Search

From Strong Roots…..

Grow Mighty Girls

Tag

#monterosso

Monterosso

Oceanside views on the hike to Vernazza

On our first sunny morning in Monterosso, the hiking trails of the Cinque Terre beckoned to us. (By beckoned, I mean that the adults woke, bleary-eyed, at sunrise, sought out coffee, and waited impatiently for the children to arise. When that didn’t occur naturally, they were rousted unceremoniously out of bed.)


We set off for the trails at 10:00 in the morning. The “ideal” hike in this region would start earlier than that…..the weather would be cooler and the trails less crowded but compromise is part of every family vacation. Also, sleep is important. Well-rested tweens are more agreeable tweens.

The trail heads steeply out of old town Monterosso, hugging the seaside cliffs and affording glorious oceanfront views. This trail is 3.5 km (2.2 miles) with 804 feet of elevation gain. We completed this in an hour and 15 minutes. There are multiple sets of stairs, some decent climbs, treks through lemon groves and vineyards, and a final, steep descent into the town of Vernazza. The views along the way are stunning with vast ocean panoramas, glimpses of daily life in the orchards and vineyards, and a bird’s eye view of Vernazza at the crest of the final hill. The trail is quite manageable but occasionally is narrow. There are some uphill portions but it is well balanced with long stretches of flat trail. Take your time on this one, the beauty is definitely in the journey here.
As an aside, you will see many notices in the Cinque Terre regarding the dangers of hiking on the trails. We are from Montana and are quite accustomed to narrow, steep, rocky hikes. The trails of the Cinque Terre are no more challenging than what we routinely climb at home. That being said, be smart. Wear appropriate footwear (no sandals, flip flops, open-toed shoes), bring sunscreen, snacks, and water, and know your abilities. If you are in poor health or significantly out of shape, this might not be the adventure for you.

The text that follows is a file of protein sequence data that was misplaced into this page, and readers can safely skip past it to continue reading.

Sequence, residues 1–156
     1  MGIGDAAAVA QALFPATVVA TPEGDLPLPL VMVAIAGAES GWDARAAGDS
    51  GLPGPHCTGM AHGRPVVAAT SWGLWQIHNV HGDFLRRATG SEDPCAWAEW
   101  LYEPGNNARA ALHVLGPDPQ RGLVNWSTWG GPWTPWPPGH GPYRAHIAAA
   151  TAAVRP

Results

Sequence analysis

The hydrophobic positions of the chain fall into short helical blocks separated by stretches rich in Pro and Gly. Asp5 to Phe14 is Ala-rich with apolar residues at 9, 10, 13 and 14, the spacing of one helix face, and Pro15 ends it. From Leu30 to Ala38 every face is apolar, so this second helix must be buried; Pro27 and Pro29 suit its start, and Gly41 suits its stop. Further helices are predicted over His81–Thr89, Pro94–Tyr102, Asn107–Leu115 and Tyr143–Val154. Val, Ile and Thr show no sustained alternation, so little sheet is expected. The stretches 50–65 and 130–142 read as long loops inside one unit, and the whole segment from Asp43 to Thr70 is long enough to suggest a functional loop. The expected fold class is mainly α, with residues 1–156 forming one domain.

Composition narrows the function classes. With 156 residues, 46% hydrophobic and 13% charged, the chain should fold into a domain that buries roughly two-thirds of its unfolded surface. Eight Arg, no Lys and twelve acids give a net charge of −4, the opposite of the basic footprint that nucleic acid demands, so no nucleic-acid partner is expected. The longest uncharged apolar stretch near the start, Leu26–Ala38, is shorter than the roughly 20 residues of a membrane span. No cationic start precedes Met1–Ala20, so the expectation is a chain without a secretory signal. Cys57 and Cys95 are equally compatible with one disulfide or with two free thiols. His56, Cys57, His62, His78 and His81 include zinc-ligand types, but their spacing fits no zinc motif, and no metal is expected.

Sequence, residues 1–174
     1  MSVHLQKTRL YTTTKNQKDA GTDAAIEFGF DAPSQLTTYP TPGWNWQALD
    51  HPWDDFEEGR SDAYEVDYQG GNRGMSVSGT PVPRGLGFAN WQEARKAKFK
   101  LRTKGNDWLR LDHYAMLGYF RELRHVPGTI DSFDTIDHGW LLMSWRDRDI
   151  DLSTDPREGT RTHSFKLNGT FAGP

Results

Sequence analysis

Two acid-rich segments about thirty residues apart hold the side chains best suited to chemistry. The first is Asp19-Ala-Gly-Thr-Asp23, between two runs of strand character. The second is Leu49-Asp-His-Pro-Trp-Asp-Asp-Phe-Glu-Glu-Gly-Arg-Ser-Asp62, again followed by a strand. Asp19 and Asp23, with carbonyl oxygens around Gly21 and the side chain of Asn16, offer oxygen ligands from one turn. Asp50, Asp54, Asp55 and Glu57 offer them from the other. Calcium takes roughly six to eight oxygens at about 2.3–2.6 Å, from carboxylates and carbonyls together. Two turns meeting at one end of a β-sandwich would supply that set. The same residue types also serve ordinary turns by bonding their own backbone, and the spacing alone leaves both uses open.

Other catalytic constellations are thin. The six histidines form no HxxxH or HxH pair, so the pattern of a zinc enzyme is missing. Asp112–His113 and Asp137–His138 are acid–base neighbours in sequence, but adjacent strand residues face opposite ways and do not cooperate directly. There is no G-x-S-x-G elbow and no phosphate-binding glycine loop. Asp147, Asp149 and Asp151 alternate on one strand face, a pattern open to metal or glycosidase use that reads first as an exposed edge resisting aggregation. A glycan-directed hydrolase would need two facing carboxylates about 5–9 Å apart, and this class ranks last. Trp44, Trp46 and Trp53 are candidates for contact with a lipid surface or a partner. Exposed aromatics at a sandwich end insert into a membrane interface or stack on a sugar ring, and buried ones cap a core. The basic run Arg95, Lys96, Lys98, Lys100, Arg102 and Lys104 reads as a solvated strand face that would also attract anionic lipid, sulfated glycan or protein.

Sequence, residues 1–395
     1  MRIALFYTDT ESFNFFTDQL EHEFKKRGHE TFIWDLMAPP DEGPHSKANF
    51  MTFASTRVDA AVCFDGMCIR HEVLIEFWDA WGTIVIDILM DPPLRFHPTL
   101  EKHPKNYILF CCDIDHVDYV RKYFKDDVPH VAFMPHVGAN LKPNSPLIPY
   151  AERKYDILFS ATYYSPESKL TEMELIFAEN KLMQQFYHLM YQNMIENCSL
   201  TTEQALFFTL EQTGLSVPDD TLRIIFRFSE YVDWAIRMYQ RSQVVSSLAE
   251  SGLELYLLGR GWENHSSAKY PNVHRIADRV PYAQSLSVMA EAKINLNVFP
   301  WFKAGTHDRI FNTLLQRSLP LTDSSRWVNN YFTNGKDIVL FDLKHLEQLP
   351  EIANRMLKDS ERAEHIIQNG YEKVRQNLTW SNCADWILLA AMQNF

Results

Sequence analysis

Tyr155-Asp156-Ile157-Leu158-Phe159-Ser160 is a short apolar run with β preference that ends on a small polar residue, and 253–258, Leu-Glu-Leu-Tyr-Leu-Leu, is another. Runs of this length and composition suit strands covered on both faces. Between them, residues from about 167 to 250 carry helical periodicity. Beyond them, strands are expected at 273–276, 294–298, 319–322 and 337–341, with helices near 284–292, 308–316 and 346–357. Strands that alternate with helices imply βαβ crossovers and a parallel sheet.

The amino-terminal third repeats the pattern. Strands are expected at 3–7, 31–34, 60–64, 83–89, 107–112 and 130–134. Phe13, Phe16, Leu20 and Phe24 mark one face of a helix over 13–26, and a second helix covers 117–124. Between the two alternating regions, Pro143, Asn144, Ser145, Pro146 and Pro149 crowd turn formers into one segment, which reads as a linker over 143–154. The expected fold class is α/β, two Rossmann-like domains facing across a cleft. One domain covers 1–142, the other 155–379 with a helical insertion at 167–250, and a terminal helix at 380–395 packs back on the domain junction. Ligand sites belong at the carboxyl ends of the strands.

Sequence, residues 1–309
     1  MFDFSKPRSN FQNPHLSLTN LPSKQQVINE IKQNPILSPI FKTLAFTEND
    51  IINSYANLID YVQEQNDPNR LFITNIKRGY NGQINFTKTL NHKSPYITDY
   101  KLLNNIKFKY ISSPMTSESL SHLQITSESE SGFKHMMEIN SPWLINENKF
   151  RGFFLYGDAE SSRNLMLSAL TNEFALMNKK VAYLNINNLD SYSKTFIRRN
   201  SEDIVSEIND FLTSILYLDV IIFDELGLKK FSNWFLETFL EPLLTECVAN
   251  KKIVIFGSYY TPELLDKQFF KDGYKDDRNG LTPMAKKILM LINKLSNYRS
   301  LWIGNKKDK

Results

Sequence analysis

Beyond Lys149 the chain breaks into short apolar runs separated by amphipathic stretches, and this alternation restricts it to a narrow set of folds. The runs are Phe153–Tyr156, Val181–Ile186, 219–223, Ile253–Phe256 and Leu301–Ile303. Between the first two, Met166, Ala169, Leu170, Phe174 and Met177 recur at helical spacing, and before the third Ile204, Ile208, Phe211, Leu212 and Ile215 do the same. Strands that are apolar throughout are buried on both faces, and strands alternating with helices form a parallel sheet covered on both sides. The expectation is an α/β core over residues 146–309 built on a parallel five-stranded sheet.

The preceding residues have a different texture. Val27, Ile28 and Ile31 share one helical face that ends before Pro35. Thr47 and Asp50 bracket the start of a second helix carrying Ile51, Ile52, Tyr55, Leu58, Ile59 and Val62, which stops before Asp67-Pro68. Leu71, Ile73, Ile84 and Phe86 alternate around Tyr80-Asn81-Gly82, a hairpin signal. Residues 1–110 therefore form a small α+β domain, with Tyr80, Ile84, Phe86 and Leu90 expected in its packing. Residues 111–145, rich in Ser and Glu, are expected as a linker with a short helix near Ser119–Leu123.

But I digress.


Upon arriving in Vernazza we climbed up, up, up again through the narrow village streets to Al Casello, a restaurant perched seemingly on the edge of the cliff. The absolute best feature of this restaurant is the view. Stunning 360-degree oceanfront vistas are a lovely backdrop to lunch. Some of the food was really great, some just good. The mussels were quite delicious. Service was quite hit or miss. After paying the bill in a backroom (cash only), the owner allowed us a shot of her very delicious homemade limoncello.


We set off from there along the continuation of the trail to the next village, Corniglia. This trail is much more open and therefore, much less shaded. It gets hot in the middle of the day. This is a 4 km (2.5 miles) trail with an elevation gain of 765 feet which we covered in an hour and a half. We shopped here for some small souvenirs and had gelato at Albergo’s. This is some of the best gelato in the region and worth the hike to find it. From Corniglia, we descended a long staircase to the train station where we hopped the train back to Monterosso.

Vernazza
Big lemons in Corniglia

The afternoon was spent beachside again. While the adults lounged in shaded chaise lounges, the girls took a paddle boat out into the bay and spent many happy hours in the water.

Endless hours of entertainment!

We wrapped up the evening with dinner at Ciak where we ate on the outdoor patio. This place is simply stunning. Delicious, authentic, Ligurian cuisine served in large crockery dishes. The mussels were quite amazing and squid ink risotto was delicious. Service was generally good although lagged a bit once our food was served. The flavors here are exceptional and it’s well worth a stop. Reservations recommended.

The cost of doing business (4 people):

Groceries: €6.10

Snack: €17

Focaccia: €5.70

Cinque Terre Card: €20

Lunch: €67.50

T-shirt: €28

Gelato: €12

Dinner (for 8 people): €150

Beach: €35

Train tickets: €32

Breakfast: €7

Piedmont to Genoa or Getting Lost and then Found Again

Some travel days have themes.  Some of these are fun, others, not so much.  Almost all are amusing in retrospect.  Our third full day in Italy was apparently designed to test my navigational skills.  I basically failed but I had a lot of fun doing it.